Market markets and ECN brokers aren't always what they seem, so are forex bonus schemes and scammers' objectives. What are the hidden truths and why you need to understand them?

Forex Brokers Secrets Revealed

Choosing the right broker is complex for investors and traders. Advertising campaigns often overlook accuracy, security, precision, and support. Ensure you trade with a fair broker responsible for transactions and profit support.

Brokers offer discounts, but the forex market evolves rapidly with new platforms, transparency, regulations, and pricing. Competition increases among brokers, leading to differences in fees, execution, and quality. Poor brokers manipulate prices and orders, profiting from client losses.

Hence, you have to consider whether your broker is only pushing for aggressive trading or focusing only on the development of high-quality technologies and improving trading conditions.

These 5 forex broker secrets can be the keys to differentiating between a good and bad forex broker:

  1. Market makers are not traders' enemy.
  2. So-called NDD brokers are actually ECN/STP brokers.
  3. Bonuses are brokers' hidden fees.
  4. Scammers could easily pose as forex brokers.
  5. There are A-book and B-book brokers.

Read this article below for a complete explanation.


1. Market Makers Are Not Bucket Shops

Market makers act as a counterparty to trades made by retail traders. If you trade with the market makers, you never get to the true interbank market.

They buy and sell a currency continuously at an openly quoted price in the OTC markets, so a retail trader buys a currency while a market maker sells, and vice versa.

Because of their indirect execution, market makers are often confused with bucket shops. A lot of traders can't differentiate between the two and end up putting them in the same category. To clear things up, here is the full explanation.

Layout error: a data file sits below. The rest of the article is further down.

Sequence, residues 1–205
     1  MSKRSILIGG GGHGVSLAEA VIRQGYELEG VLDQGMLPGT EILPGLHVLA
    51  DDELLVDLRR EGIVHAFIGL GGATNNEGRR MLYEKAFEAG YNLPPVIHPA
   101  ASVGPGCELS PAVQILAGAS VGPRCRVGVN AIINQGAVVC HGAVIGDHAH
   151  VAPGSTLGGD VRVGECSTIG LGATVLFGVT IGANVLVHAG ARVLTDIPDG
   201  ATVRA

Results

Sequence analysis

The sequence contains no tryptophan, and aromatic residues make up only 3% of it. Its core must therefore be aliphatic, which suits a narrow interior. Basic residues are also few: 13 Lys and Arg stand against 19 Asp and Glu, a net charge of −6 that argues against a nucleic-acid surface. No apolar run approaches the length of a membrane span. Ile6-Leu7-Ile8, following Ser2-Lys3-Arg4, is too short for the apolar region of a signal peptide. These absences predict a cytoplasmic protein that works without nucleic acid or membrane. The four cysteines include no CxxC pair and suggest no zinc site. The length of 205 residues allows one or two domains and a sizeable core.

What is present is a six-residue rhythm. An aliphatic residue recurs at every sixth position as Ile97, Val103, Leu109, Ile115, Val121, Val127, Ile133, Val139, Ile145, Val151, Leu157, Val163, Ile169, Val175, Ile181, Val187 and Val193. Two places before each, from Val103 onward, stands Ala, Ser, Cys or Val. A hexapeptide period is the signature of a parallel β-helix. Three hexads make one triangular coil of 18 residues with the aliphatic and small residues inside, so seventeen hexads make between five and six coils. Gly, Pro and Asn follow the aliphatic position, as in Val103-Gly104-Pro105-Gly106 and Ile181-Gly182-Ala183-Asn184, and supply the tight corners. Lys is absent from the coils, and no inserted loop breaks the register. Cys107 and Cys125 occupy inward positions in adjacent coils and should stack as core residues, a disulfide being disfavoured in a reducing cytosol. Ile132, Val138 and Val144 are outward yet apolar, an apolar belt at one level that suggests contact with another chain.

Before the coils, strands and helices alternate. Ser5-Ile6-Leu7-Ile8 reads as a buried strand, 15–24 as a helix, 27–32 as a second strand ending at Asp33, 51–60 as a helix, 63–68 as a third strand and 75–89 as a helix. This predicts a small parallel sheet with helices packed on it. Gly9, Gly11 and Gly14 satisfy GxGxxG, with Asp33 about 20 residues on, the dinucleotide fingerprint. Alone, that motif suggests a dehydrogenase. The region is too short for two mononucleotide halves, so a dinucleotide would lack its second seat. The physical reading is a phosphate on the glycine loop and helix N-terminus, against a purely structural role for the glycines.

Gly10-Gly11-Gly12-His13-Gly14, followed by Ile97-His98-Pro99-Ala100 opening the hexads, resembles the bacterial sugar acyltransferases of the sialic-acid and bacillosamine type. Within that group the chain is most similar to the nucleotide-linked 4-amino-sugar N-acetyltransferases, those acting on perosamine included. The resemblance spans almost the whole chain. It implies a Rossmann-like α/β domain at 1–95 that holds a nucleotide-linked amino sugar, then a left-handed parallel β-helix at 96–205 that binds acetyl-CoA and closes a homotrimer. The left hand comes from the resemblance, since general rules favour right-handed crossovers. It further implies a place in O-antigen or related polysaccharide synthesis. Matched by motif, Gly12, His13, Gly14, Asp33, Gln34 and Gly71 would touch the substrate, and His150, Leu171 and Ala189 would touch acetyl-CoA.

Bucket shops are brokerage firms that have conflicts of interest with their customers. The brokerage firms encourage the clients to take on substantial leverage. They can recruit new clients from the gains advertised by the bucket shop when clients profited on their trades.

In the end, the clients would always end with large or even total losses. It's not a surprise that they usually want to derail clients' trades and eventually lead them to losses. 

Meanwhile, market makers gain from the difference between the bid and ask price, known as the spread, or is compensated by a markup to the bid and ask price.

Therefore, a market maker can provide liquidity. It doesn't intend to predict the direction of price movement or push the market in any particular direction through the accumulation of positions. A good market maker would also have clear rules of engagement in which they are prepared to make a deal at offered prices.

Being regulated in respected jurisdictions doesn't automatically change a bucket shop into a market maker. You can actually identify a bucket shop from two or more of the following criteria:

  • The broker trades against clients' best interests (e.g. asymmetric slippage, confusing dealing prices, unreasonable last look times, ignores/re-quotes/cancels deals without a specific reason).